For suggestion of an alternative mode of strategy, I’ll refer again to Lacan, more precisely, to the shift in his notions regarding the end of analytic therapy: from subjectivization to subjective destitution. Subjectivization would mean that by the end of analysis the subject has to assert his/her constitutive guilt, to internalize his/her contingent fate. On the other hand, subjective destitution is a process of the subject suspending his/her need for internalization/symbolization, interpretation, searching for ‘deep, true meaning’: s/he has to understand that traumatic experiences shaping her/his life are merely contingencies, deprived of any ‘deeper meaning’.
We can render destitution through the following vivid example: in Foucault’s Pendulum Umberto Eco constructs an imagined conversation between Shakespeare and his publisher. In this dialogue, the publisher, after reading the first version of the play, starts to make remarks concerning the story and style the: rather than in some castle in France, it would be better to set the play in Denmark („In a Nordic, Protestant atmosphere, in the shadow of Kierkegaard…“), in the castle of Elsinore; furthermore, he suggests that the father’s ghost should appear in the first act, not the last one, thus motivating the young prince’s behavior and establishing the conflict with the mother; finally, the publisher suggests that speech „To act or not to act? This is my problem“, should be replaced by the question of whether to be or not to be. In the light of the dialogue, all details of the play known as its very essential elements become consequences of the publisher, purely contingent activity: what appears to be the fate of the play (it was written precisely to describe the young Danish prince haunted by his father’s ghost; the speech „To be or not to be? That is the question?“ is the very core of the play, etc.) transforms into the result of a series of contingent, incoherent operations.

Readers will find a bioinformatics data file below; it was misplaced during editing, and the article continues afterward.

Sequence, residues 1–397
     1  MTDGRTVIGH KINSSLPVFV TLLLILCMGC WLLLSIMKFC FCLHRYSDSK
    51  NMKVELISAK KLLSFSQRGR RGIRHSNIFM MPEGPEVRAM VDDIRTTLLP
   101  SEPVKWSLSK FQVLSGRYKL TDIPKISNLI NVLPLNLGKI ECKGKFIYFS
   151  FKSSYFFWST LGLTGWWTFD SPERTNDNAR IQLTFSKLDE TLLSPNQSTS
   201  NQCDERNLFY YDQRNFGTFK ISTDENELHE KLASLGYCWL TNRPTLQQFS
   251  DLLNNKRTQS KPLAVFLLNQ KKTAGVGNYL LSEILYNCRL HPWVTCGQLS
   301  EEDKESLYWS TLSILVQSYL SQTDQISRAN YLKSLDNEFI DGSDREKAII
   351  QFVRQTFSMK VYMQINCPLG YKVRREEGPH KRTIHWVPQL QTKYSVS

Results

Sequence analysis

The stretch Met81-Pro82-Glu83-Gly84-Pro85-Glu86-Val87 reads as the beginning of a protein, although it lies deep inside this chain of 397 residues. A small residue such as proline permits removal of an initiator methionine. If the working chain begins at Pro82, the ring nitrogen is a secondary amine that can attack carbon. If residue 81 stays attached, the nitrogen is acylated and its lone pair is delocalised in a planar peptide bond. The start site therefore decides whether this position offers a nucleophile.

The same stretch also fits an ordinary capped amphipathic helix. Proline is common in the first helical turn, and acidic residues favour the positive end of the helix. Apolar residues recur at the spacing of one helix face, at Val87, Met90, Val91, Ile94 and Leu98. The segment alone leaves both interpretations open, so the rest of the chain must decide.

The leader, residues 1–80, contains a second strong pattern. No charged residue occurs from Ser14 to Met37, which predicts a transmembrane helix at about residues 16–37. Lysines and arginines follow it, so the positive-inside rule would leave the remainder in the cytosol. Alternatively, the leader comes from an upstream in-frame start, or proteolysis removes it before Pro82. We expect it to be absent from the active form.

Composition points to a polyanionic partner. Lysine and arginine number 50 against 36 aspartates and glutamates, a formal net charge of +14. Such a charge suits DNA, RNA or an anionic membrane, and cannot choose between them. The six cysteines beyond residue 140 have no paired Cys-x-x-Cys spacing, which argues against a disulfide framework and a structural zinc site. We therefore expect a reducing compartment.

So let me close this paper with a modest proposal suggesting
the similar, destitution-oriented path for the cultural segment
of the Eastward strategy: the notion underlying this strategy
must be the one of the pure contingency and incoherence of
any Western recipe for culture of the East. The only way to
remove the prejudice toward ‘the East’ renounces
the symbolical supremacy of the Western/European cultural
concept over the Eastern one through the utter acceptance
of the fact that even the major features of Western/European